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Risk Pools and Capital Efficiency
In order to pay claims capital is locked in Risk Pools
In order to guarantee that claims can be paid the risk platforms need to "lock" capital. The beauty of blockchain technology is that it's fully transparent how much capital have been locked against certain risks. Each Risk Platform has a different approach to "locking capital" which impacts the risk and price of the covers they offer. There are two goals which need to be carefully balanced:
Goal 1: Guarantee claims payout Goal 2: Increase the Return On Investment of the locked capital
Example:
In case a Risk Platform offers a protocol failure cover for 10 protocols and locked $1M in capital for each. Should the Risk Platform then allow only 10x$1M=$10M worth of assets to be insured? The answer is NO, As it's highly unlikely that all 10 protocols will be hacked at the same time. Hence the Risk Platform can look for Capital Efficiency which allows them to use the $10M of locked capital to ensure a higher value of assets.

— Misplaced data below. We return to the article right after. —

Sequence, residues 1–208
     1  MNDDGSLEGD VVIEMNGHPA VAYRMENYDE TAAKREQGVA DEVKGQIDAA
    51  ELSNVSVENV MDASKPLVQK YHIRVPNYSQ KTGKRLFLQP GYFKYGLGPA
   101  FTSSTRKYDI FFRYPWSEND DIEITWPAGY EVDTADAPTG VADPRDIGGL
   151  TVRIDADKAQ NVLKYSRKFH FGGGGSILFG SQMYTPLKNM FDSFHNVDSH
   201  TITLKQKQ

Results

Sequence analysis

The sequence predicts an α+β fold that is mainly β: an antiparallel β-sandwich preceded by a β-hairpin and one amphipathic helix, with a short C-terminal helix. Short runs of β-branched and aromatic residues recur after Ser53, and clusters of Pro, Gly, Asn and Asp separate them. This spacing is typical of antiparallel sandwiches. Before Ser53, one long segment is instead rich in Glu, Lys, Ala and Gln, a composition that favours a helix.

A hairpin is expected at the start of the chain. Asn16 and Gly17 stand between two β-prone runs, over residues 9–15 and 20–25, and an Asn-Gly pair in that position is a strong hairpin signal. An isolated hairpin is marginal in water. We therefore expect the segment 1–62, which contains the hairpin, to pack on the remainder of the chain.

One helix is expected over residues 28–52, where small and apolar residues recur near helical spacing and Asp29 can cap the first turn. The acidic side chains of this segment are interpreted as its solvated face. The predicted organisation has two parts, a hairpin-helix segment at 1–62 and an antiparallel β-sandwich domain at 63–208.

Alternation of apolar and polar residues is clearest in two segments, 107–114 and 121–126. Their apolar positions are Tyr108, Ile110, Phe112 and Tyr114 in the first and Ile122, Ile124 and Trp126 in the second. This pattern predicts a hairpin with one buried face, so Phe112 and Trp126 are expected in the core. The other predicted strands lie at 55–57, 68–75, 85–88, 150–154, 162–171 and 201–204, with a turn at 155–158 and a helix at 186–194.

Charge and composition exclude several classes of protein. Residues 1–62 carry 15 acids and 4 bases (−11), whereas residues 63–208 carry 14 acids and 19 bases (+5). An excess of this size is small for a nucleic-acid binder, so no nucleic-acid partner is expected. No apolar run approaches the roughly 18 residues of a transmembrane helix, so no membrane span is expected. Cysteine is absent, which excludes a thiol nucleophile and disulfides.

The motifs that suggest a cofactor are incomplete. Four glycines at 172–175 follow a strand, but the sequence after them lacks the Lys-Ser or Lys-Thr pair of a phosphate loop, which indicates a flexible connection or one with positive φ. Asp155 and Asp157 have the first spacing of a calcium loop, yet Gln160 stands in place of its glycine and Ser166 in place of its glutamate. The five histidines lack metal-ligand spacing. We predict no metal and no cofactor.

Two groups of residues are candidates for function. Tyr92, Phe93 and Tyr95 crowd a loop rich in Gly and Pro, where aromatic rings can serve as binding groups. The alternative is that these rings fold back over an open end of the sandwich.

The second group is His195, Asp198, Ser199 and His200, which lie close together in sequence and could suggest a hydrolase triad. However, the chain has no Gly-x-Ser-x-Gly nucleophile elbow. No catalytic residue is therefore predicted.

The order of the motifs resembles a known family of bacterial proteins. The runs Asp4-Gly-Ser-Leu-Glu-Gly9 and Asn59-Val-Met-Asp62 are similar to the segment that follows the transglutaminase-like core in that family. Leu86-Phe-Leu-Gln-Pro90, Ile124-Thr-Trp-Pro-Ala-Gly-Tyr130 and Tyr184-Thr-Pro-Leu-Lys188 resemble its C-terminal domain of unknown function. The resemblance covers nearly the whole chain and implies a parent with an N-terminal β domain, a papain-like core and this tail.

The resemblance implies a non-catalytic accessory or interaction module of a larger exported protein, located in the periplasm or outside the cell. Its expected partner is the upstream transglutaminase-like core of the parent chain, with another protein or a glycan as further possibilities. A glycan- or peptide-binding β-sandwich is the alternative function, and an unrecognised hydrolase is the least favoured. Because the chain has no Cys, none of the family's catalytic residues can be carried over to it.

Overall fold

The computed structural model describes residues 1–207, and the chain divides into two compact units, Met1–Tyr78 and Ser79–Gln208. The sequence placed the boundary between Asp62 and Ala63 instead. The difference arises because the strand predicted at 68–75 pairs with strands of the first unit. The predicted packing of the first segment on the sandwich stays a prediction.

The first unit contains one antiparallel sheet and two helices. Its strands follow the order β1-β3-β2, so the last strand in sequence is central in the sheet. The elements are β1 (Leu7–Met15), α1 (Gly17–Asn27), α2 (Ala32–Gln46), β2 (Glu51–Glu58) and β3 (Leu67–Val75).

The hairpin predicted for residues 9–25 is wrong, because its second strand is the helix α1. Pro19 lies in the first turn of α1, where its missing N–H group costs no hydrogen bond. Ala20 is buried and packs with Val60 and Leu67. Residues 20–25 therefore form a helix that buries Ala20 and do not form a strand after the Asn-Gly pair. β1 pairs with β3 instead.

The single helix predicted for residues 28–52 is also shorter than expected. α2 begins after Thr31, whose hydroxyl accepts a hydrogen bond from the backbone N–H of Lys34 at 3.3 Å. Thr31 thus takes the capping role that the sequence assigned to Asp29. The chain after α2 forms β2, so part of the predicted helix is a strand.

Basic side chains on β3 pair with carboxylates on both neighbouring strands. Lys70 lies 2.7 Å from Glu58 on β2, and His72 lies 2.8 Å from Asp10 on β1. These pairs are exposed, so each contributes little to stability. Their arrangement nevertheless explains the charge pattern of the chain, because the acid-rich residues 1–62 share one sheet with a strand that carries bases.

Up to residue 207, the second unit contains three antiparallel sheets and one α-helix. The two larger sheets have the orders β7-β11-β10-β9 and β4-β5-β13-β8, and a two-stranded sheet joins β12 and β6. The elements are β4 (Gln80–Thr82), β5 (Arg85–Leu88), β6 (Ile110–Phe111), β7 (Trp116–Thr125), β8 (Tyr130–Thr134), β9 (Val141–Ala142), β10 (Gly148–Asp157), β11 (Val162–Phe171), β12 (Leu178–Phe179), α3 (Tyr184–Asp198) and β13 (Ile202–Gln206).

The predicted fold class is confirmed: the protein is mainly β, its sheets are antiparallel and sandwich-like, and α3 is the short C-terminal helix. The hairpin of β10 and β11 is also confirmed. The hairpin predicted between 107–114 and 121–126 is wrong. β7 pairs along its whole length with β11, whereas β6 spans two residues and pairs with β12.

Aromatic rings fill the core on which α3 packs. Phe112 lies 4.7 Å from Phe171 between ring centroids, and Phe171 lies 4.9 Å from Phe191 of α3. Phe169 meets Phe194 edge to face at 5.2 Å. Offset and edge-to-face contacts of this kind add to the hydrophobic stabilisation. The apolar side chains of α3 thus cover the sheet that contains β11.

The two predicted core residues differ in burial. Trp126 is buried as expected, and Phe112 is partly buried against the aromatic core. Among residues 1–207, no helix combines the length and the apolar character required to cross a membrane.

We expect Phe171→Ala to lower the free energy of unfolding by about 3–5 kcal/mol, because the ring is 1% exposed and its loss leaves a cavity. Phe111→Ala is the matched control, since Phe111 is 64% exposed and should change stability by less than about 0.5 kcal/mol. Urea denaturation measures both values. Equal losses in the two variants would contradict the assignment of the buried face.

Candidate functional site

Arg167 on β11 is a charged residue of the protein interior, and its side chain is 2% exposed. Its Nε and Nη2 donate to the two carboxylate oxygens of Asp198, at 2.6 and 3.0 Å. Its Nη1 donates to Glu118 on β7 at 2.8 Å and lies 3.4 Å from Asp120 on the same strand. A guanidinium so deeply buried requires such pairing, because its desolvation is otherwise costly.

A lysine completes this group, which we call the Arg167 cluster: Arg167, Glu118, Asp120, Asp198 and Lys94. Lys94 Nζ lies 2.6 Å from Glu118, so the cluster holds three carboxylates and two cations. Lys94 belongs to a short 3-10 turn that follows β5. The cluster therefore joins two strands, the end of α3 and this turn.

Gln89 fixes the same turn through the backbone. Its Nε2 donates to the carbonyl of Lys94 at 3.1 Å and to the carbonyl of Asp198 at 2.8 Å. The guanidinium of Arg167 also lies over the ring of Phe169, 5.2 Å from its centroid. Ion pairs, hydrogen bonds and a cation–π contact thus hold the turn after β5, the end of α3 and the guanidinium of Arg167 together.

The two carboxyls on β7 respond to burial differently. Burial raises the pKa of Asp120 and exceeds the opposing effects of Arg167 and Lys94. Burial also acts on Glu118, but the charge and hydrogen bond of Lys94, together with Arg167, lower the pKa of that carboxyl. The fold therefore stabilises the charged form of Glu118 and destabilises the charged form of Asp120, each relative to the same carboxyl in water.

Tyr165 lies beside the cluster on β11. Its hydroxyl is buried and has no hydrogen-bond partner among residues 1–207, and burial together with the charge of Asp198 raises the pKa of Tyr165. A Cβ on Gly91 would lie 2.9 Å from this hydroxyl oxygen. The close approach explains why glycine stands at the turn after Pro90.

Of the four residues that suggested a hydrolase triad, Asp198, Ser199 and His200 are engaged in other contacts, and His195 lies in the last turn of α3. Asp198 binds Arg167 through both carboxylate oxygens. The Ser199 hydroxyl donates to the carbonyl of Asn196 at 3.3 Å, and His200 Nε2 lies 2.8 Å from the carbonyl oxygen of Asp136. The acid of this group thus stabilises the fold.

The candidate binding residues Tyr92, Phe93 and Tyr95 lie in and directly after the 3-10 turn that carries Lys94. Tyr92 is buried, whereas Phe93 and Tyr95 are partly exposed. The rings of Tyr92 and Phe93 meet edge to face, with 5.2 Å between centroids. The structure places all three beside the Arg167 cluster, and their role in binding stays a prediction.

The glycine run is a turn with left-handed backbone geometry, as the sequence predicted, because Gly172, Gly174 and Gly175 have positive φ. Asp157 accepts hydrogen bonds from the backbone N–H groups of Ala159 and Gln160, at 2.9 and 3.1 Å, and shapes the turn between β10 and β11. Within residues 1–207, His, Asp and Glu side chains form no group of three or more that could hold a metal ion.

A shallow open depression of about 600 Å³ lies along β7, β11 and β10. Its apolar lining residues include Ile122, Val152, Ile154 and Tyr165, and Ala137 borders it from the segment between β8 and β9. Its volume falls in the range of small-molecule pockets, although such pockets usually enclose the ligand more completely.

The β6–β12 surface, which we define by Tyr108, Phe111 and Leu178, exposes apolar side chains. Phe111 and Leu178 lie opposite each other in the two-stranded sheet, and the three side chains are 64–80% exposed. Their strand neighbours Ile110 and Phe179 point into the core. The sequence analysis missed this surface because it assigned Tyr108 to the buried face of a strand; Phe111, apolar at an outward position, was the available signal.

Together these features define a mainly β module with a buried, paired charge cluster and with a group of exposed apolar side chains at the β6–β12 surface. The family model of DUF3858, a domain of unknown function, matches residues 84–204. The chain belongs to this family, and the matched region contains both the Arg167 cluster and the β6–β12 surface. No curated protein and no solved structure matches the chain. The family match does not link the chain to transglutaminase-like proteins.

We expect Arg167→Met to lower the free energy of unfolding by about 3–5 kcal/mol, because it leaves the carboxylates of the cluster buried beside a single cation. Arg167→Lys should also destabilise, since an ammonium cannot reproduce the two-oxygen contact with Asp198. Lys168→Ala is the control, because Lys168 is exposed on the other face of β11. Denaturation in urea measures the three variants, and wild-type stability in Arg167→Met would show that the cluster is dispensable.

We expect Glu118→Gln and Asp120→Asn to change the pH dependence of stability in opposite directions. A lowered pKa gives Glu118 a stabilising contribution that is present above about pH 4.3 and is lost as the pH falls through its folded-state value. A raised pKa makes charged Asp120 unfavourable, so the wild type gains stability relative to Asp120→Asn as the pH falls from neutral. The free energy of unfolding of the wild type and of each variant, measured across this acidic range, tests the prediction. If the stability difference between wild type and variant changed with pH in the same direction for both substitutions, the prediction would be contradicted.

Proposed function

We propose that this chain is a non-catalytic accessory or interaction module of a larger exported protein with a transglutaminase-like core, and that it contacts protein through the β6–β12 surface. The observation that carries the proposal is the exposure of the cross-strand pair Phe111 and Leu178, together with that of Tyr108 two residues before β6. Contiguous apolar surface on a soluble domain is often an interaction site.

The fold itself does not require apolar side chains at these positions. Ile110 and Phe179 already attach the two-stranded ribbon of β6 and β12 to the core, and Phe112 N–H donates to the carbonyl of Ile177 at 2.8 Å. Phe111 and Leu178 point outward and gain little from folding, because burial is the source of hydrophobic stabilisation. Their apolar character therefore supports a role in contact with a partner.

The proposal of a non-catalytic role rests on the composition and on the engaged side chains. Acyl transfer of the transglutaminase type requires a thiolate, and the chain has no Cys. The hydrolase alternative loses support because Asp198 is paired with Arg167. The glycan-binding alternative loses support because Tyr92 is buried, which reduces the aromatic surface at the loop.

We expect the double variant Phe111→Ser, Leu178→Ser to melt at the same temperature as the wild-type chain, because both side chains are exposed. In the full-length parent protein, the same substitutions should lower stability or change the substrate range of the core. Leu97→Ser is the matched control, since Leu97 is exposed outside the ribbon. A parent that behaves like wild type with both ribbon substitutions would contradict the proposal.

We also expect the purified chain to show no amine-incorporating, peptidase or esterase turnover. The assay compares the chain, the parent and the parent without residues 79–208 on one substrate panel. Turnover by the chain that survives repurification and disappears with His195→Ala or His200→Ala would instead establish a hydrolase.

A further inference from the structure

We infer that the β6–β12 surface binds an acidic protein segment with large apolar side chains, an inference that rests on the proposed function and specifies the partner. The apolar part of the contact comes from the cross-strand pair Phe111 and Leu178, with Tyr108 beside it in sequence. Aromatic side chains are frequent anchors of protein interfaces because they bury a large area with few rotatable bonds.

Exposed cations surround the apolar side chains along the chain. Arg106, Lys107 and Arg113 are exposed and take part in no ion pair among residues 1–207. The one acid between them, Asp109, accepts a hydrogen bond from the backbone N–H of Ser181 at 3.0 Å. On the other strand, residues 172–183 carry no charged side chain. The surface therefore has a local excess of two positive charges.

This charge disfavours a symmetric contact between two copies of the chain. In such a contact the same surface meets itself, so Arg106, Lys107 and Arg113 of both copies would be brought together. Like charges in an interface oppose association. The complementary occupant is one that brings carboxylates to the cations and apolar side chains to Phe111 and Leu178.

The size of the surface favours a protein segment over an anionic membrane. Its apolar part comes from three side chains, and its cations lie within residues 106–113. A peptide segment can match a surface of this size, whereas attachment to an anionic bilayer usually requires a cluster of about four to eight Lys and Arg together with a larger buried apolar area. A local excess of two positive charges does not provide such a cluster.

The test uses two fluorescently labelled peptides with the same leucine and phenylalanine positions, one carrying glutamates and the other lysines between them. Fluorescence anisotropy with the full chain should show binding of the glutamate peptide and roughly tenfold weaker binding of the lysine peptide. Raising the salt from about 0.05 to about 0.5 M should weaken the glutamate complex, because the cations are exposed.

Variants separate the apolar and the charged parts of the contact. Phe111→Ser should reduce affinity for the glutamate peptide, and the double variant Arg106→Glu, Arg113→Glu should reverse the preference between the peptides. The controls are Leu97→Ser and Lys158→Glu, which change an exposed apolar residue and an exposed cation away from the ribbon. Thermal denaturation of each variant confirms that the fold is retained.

Summarized overview

Each of the risk platforms has a different approach to staking the above balance.
Risk Platform
Available Cover
Claims payout
Nexus Mutual
Available cover generally 1-4x the staked amount per cover
(No risk pool can be larger than 20% of the total)
Multi-layer risk pool approach
Claims will first be paid from the staking pool of the specific cover
The second layer is the capital pool which contains 50% of the paid premiums
Bridge Mutual
{in progress}
{in progress}
InsurAce
{in progress}
Multi-layer risk pool approach
Claims will first paid from the "premium pool" (up to a maximum of 20% of the total pool). One premium pool exists per chain (BSC & ETH)
The second layer consists of the capital pools in which users can stake their capital (Each chain has a risk pool for each currency which can be used to buy covers).
The third layer are the capital pools of the other currencies which will be deducted using a weighted approach

Detailed overview per Risk platform